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Fossilized dinosaur proteins and burnt toast feature similar chemical compounds

Fossilized dinosaur proteins and burnt toast feature similar chemical compounds

Science
Nov. 9 (UPI) -- Under the right conditions, a dinosaur's soft tissue can be transformed and preserved, enabling fossilization. The process features chemical transformations similar to those that characterize browned or burnt toast. Scientists have long debated whether soft tissue can be preserved within dinosaur bones. While hard tissue -- bones, eggs, teeth, scales -- can survive for more than 100 million years, most studies suggest the proteins that form blood vessels, cells and nerves are fully degraded after 4 million years. And yet, paleontologists have regularly found organic structures similar to cells and blood vessels inside 100-million-old dinosaur bones. To better understand this paradox, researchers at Yale, the American Museum of Natural History, the University of Brussels an...
How chemical weapons have helped bring Assad close to victory

How chemical weapons have helped bring Assad close to victory

World
After seven devastating years of civil war in Syria, which have left more than 350,000 people dead, President Bashar al-Assad appears close to victory against the forces trying to overthrow him. So how has Mr Assad got so close to winning this bloody, brutal war?A joint investigation by BBC Panorama and BBC Arabic shows for the first time the extent to which chemical weapons have been crucial to his war-winning strategy. Sorry, your browser cannot display this map Source: BBC Panorama and BBC Arabic research. Map built with Carto. 1. The use of chemical weapons has been widespreadThe BBC has determined there is enough evidence to be confident that at least 106 chemical attacks have taken place in Syria...
Ozone hole mystery: China insulating chemical said to be source of rise

Ozone hole mystery: China insulating chemical said to be source of rise

Science
Cut-price Chinese home insulation is being blamed for a massive rise in emissions of a gas, highly damaging to the Earth's protective ozone layer. The Environmental Investigations Agency (EIA) found widespread use of CFC-11 in China, even though the chemical was fully banned back in 2010. Scientists have been extremely puzzled by the mysterious rise in emissions. But this report suggests the key source is China's home construction industry. Just two months ago, researchers published a study showing that the expected decline in the use of CFC-11 after it was completely banned eight years ago had slowed to a crawl. There were suspicions among researchers that new supplies were being made somewhere in East Asia. Rumours were rife as...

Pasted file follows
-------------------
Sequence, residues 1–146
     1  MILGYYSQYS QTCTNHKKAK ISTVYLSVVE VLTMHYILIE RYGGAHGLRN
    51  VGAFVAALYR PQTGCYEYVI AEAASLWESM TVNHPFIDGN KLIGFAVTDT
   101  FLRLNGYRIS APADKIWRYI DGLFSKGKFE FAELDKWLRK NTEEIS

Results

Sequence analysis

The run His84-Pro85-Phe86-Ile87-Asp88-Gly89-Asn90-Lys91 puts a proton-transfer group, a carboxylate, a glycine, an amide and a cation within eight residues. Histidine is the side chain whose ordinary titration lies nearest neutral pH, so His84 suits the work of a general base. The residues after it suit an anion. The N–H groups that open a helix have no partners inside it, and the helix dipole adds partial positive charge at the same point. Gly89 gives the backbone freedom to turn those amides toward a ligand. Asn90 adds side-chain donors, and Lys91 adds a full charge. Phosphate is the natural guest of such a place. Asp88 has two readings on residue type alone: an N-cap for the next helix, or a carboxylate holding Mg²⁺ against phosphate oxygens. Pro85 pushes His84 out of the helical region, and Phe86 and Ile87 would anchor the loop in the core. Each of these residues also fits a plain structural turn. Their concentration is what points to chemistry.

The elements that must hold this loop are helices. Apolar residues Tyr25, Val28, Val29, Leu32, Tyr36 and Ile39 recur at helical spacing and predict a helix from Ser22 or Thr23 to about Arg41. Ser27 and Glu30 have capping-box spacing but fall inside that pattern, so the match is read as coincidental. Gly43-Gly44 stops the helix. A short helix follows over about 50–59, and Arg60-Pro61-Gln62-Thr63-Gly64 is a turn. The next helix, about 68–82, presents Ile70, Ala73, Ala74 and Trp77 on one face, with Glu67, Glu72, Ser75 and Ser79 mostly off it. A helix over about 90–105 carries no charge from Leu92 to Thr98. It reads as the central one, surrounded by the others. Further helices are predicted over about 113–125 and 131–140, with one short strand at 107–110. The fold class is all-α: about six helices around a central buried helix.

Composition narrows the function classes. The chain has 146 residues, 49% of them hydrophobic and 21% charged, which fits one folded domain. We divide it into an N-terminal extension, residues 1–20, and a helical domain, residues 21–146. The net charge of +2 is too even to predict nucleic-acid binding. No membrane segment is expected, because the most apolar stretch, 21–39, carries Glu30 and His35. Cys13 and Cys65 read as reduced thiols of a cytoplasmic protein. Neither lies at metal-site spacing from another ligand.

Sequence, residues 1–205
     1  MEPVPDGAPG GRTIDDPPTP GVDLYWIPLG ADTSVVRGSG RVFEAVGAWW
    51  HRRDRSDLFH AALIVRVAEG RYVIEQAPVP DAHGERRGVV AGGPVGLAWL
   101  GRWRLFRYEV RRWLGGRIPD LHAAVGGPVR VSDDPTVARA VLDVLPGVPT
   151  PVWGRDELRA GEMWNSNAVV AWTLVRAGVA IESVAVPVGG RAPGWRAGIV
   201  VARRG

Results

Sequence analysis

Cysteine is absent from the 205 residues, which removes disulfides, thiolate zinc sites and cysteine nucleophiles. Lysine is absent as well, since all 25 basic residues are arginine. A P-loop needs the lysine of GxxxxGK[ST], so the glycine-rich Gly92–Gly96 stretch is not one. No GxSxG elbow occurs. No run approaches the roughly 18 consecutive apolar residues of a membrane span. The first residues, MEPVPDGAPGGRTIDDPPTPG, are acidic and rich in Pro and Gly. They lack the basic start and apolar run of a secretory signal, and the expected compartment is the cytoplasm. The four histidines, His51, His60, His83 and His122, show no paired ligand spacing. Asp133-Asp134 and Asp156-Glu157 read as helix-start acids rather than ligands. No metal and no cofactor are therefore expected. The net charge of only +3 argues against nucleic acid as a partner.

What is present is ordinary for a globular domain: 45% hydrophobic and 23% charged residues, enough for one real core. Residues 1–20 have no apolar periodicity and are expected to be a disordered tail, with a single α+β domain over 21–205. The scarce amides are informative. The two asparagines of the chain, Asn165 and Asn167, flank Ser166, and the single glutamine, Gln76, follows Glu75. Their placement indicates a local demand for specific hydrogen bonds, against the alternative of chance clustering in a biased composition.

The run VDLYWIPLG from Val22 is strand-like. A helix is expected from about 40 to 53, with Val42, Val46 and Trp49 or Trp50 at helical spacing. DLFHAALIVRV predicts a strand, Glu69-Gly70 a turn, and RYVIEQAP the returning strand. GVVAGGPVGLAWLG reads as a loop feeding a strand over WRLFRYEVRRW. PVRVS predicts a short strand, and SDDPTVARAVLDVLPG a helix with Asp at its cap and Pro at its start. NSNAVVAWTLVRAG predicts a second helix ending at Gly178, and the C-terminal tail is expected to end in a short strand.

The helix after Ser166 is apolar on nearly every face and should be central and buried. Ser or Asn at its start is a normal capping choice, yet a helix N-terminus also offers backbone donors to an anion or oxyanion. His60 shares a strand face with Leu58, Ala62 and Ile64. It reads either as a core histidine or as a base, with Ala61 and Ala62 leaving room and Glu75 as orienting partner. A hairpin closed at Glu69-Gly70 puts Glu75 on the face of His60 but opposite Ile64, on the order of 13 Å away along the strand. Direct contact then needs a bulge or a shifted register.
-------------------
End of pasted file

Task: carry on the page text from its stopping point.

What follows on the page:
UK wins bid for watchdog to attribute chemical attack blame

UK wins bid for watchdog to attribute chemical attack blame

World
The UK has been successful with its bid for the international chemical weapons watchdog to be able to apportion blame for attacks. The Organisation for the Prohibition of Chemical Weapons (OPCW) voted on Wednesday to support a British-led motion for the body to have the power to attribute responsibility for attacks using banned weapons in Syria.Foreign Secretary Boris Johnson had been at the OPCW's headquarters in The Hague to push for the proposal on Tuesday.Welcoming the decision, Mr Johnson said: "Chemical weapons are an affront to human dignity and have no place in the 21st century."The international community has quite rightly come together today to strengthen the ban on chemical weapons and prevent impunity for their use."The UK has led the diplomatic efforts to secur...
Mysterious rise in emissions of ozone-damaging chemical

Mysterious rise in emissions of ozone-damaging chemical

Science
Scientists have detected an unexpected rise in atmospheric levels of CFC-11, a chlorofluorocarbon (CFC) highly damaging to the ozone layer.Banned by the Montreal Protocol in 1987, CFC-11 was seen to be declining as expected but that fall has slowed down by 50% since 2012.Researchers say their evidence shows it's likely that new, illegal emissions of CFC-11 are coming from East Asia.These could hamper the recovery of the ozone hole and worsen climate change.CFC-11 is also known as trichlorofluoromethane, and is one of a number of CFCs that were initially developed as refrigerants during the 1930s. They were also used as propellants in aerosol sprays and in solvents. However, it took many decades for scientists to discover that whe...